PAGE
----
Failure to read, understand, and follow manufactures instructions
may cause death or serious injury.
7 X 19
6 X 19
|3/16||840 lb||4200 lb||6.5 lb||3/16|
|1/4"||1400 lbs||7000 lbs||11 lbs||1/4"||1060 lbs||5300 lbs|
|5/16"||1960 lbs||9800 lbs||17.30 lbs||5/16"||1640 lbs||8200 lbs|
|3/8"||2880 lbs||14400 lbs||24.30 lbs||3/8"||2360 lbs||11800 lbs|
|1/2"||4560 lbs||22800 lbs||45.80 lbs||1/2"||4120 lbs||20600 lbs|
|5/8"||7000 lbs||35000 lbs||71.50 lbs||5/8"||6440 lbs||32200 lbs|
6 x 19 IWRC Wire rope sling capacities - Flemish Eye - Ansi B30.9 - 5/1
Q & T Carbon
size for D/d > 1
At Load Connection
|Shackle Size||Vertical||Choker||Two Leg||
|1/4"||5/16"||1120 lbs||820 lbs||2200 lbs||1940 lbs||1500 lbs|
|5/16"||3/8"||1740 lbs||1280 lbs||3400 lbs||3000 lbs||2400 lbs|
|3/8"||7/16"||2400 lbs||1840 lbs||4800 lbs||4200 lbs||3400 lbs|
|1/2"||5/8"||4400 lbs||3200 lbs||8800 lbs||7600 lbs||6200 lbs|
|5/8"||3/4"||6800 lbs||5000 lbs||13600 lbs||11800 lbs||9600 lbs|
There is only one right way to measure rope diameter.
Use machinist's calipers and be sure to measure the widest diameter. The drawing on the top compare the
correct way with the incorrect way.
This method is not only useful for measuring the diameter of the rope,
but also for determining the amount of wear and compression that has occurred while the
rope has been in use.
Accurate recording of this information is essential in helping to decide when to replace the wire rope.
Wire rope is normally made slightly larger than its catalog (or nominal) size. The following chart lists the size tolerances of wire rope.
|Nominal Rope Diameter||Tolerance
|0 - 1/8"||-0 +8%|
|Over 1/8" - 3/16"||-0 +7%|
|Over 3/16" - 5/16"||-0 +6%|
Wear and Abuse
All wire ropes should be thoroughly inspected at regular intervals. The longer it has been in service or the more severe the service, the more thoroughly and frequently it should be inspected. Be sure to maintain records of each inspection.
Inspections should be carried out by a person who has learned through special training or practical experience what to look for and who knows how to judge the importance of any abnormal conditions they may discover. It is the inspector's responsibility to obtain and follow the proper inspection criteria for each application inspected.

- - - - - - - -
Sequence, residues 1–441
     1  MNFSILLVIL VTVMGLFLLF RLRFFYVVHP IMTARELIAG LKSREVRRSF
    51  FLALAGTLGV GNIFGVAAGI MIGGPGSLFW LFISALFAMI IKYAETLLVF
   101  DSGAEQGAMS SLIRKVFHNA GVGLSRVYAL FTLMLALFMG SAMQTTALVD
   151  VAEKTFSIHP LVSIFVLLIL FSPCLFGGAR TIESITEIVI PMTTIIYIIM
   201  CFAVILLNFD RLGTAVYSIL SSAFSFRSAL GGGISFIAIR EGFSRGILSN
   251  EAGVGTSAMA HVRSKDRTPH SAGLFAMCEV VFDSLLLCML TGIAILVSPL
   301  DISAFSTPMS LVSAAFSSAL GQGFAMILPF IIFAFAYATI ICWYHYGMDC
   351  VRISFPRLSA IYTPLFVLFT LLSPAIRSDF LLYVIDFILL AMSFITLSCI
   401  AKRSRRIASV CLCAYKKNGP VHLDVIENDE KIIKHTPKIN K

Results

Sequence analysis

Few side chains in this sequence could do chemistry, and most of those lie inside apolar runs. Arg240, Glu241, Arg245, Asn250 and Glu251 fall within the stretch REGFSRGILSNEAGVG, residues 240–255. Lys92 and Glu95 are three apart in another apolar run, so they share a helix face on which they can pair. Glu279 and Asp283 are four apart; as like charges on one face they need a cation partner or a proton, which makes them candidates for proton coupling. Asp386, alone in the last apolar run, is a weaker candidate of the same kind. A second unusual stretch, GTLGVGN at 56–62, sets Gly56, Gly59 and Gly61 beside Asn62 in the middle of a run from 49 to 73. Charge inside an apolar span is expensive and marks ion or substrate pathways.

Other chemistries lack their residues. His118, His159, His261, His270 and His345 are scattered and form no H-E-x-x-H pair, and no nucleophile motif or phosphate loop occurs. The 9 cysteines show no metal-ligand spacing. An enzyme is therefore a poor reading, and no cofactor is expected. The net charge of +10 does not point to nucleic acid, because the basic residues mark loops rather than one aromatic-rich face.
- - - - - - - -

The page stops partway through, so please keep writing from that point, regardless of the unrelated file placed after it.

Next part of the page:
Here's what happens when a wire breaks under tensile load exceeding its strength. It's typically recognized by the "cup and cone" appearance at the point of failure. The necking down of the wire at the point of failure to form the cup and cone indicates failure has occurred while the wire retained its ductility.
This is a wire with a distinct fatigue break. It's recognized by the square end perpendicular to the wire. This break was produced by a torsion machine that's used to measure the ductility. This break is similar to wire failures in the field caused by fatigue.
A wire rope that has been subjected to repeated bending over sheaves under normal loads. This results in fatigue breaks in individual wires -- these breaks are square and usually in the crown of the strands.
An example of fatigue failure of a wire rope subjected to heavy loads over small sheaves. The breaks in the valleys of the strands are caused by "strand nicking." There may be crown breaks, too.
Here you see a single strand removed from a wire rope subjected to "strand nicking." This condition is a result of adjacent strands rubbing against one another. While this is normal in a rope's operation, the nicking can be accentuated by high loads, small sheaves or loss of core support. The ultimate result will be individual wire breaks in the valleys of the strands.
Typical Evidence of Wear and Abuse
A "birdcage" is caused by sudden release of tension and the resulting rebound of rope. These strands and wires will not be returned to their original positions. The rope should be replaced immediately.
A typical failure of a rotary drill line with a poor cutoff practice. These wires have been subjected to continued peening, causing fatigue type failures. A predetermined, regularly scheduled cutoff practice can help eliminate this type of problem.
This is localized wear over an equalized sheave. The danger here is that it's invisible during the rope's operation, and that's why you need to inspect this portion of an operating rope regularly. The rope should be pulled off the sheave during inspection and bent to check for broken wires.
This is a wire rope with a high strand -- a condition in which one or strands are worn before adjoining strands. This is caused by improper socketing or seizing, kinks or dog-legs. At top, you see a close-up of the concentration of wear. It recurs every sixth strand in a 6 strand rope.
A kinked wire rope is shown here. It's caused by pulling down a loop in a slack line during handling, installation or operation. Note the distortion of the strands and individual wires. This rope must be replaced.
Here's a wire rope that has jumped a sheave. The rope "curled"as it went over the edge of the sheave. When you study the wires, you'll see two types of breaks here: tensile "cup and cone" breaks and sheat breaks that appear to have been cut on an angle.
Drum crushing is caused by small drums, high loads and multiple winding conditions.
In accordance with good rigging and
All rigging equipment and hardware should be inspected periodically
for wear, abuse and general adequacy.
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